The room is empty. / No witnesses. / But someone was here.
It’s both alien and fascinating to try and think about what people will think of us when we are gone—even the idea of someone existing in one of my vacated past apartments strikes me as odd.
That this is about Pripyat, the site of the 1986 Chernobyl disaster, also brings in the thought of the far-flung future; while Pripyat is now a ghost town despite being relatively benign now, the places where we leave our nuclear waste need to leave signs for whatever society will look like ten thousand years in the future to let them know of the danger. But here—the signs left over are personal. A half-finished sweater, a full ashtray, tears shed.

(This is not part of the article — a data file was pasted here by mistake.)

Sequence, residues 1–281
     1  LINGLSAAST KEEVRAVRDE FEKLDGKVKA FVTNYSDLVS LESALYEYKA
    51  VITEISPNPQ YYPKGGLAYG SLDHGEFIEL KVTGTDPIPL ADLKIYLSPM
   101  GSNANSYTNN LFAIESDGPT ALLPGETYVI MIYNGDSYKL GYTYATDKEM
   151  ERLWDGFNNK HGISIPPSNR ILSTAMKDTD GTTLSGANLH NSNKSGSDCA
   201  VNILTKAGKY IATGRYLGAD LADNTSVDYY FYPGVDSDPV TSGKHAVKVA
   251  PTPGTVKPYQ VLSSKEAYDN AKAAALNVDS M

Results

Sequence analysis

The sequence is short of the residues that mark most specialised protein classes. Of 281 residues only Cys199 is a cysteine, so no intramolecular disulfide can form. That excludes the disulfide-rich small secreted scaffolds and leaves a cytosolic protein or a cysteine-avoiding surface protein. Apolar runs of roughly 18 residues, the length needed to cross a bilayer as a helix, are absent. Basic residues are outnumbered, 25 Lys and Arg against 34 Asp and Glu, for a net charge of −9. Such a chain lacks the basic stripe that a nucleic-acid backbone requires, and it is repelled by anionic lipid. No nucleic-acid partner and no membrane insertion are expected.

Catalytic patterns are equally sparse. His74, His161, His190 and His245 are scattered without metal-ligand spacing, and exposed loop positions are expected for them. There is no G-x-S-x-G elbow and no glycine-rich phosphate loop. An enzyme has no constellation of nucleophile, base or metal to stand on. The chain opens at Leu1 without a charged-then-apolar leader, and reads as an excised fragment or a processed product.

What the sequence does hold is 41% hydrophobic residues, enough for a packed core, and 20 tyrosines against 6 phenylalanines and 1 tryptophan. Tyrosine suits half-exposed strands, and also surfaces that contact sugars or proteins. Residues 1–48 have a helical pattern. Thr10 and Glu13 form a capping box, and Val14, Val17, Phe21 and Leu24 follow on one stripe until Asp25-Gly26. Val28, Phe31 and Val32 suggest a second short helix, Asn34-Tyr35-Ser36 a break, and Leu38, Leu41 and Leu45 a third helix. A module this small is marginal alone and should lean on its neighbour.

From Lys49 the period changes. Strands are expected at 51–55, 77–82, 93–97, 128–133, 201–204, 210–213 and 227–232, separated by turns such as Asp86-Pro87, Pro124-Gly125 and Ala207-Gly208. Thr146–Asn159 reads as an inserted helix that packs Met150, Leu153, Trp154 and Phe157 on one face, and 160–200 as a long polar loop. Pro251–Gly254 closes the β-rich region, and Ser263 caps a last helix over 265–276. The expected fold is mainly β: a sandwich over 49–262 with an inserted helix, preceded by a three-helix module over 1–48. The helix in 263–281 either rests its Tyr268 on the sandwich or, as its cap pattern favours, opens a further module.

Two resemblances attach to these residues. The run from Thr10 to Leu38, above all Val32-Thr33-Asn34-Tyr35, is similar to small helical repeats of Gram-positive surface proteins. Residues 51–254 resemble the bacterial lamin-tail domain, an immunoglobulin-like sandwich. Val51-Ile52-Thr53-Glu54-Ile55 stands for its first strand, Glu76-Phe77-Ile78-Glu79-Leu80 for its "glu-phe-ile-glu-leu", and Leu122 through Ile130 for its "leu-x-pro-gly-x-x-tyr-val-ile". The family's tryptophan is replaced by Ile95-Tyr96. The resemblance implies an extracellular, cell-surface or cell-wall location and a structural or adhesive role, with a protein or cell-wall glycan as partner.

Something like: this place is a message, and part of a system of messages—pay attention to it, but not about what we were afraid of, but for once about how we lived, and what we loved, and who we were. How do we pass on those things? Zabuzhko’s former occupants of the house feel like they only just left: On the floor by the armchair an apple, / Bitten but not brown.
How do we preserve these things? These days it’s so easy to publish everything perfectly synced into the cloud, but at the same time others are discussing what fears they have about the double-edged sword of unchecked technology, of what happens in the event of a disaster. What happens when the servers are gone? Absent that: where are the monuments to our lives? I’m not sure I have an answer yet.